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    As I have recorded in my blog, I took part in an art exhibition at the School House in Morvah.

    We had travelled someway to get to Morvah, which is found deep into the  West Penwith moors. When we arrived, the  display tables had been given to the other artists and what remained was a knee high small table!!!!   There appeared to be no room for any of my pieces of work. Someone said to me " The first will be last and the last will be first, isn't that what they say."

     At the time, I thought it was a great thing to say especially as it was a very important person who historically  said it!!!!

    Suddenly, the coordinator recalled that he had been told that  there was a spare table in the loft. He then pointed to a fantastic possibility of where the table could go. The snag was that the loft entrance required some movement of a table beneath it, already set up.  I was persistant and help was given and my display  table was placed in a perfect place with light shining in  from the main window. 

    Here are the photo's which  show how being last can sometimes mean a great prize!!! 

     

     

    Gillian and display1 

     Morvah Ceramic Psalm 

    Display with picked olive and cards

     

    Display Wave expressions

     

     

    Window light full display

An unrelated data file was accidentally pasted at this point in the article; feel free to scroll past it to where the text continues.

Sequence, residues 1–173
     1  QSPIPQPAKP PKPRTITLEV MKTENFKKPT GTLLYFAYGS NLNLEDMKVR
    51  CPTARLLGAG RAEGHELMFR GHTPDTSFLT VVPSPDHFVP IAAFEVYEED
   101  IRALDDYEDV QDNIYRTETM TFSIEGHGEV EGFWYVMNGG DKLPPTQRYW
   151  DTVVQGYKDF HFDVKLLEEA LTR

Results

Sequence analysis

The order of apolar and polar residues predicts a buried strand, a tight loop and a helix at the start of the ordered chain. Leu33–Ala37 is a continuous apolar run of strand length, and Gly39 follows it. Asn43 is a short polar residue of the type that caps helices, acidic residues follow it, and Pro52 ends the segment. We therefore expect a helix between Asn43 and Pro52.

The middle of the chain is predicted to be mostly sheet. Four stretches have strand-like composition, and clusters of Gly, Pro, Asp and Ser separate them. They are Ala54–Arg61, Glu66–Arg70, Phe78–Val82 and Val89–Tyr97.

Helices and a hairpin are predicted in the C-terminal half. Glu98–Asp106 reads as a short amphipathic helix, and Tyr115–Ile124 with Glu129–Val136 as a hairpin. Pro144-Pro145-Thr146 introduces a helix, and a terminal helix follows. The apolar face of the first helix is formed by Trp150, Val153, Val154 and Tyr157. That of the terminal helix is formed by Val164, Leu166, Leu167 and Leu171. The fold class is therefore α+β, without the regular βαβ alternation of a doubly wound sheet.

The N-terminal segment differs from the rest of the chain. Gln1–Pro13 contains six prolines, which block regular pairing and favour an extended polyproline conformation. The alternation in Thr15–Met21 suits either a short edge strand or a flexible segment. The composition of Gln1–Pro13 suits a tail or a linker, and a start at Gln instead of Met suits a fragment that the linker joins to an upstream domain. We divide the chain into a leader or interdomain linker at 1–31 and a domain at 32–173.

I really valued being part of the School House Exhibition, organised by the Cornwall Ceramics and Glass Group. Not only was it an opportunity to exhibit in my part of Cornwall, but the venue was unique and unusual, with it's Cornish  Methodist history and now in contemporary times, it's relaxed and friendly style.  

     From the large window, the Atlantic swell makes a powerful backdrop.

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    The untimate Green System

    First, we bought a small sink, similar to a caravan-style unit. Next, I decided to go green, and installed a solar heated water container above the roof. Here it is in the construction stage.

    A1                                                         A2

    The wooden framework is to contain the solar tank (a camping solar heated shower bag!) and in order to collect rainwater I added a funnel at the top, which had to be supported by the structure.

                                          A3

     

    This all leads to the point of the exercise - a sink which supplies heated rain water (just used for washing, not drinking). The outlet pipe goes to a buried tank just outside the studio, which releases the water into the soil underground.

     

                                                             A4

    When there's not much rain, I have a hose running outside and I just switch cables to 'back fill' the roof water tank with water from the mains. We can also plug that direct mains hose into the back so it will feed the sink instead, but we prefer the self-sufficient method! Also I haven't found suitably robust connections yet which prevent the connected hoses bursting from their fittings or leaking when on mains power!


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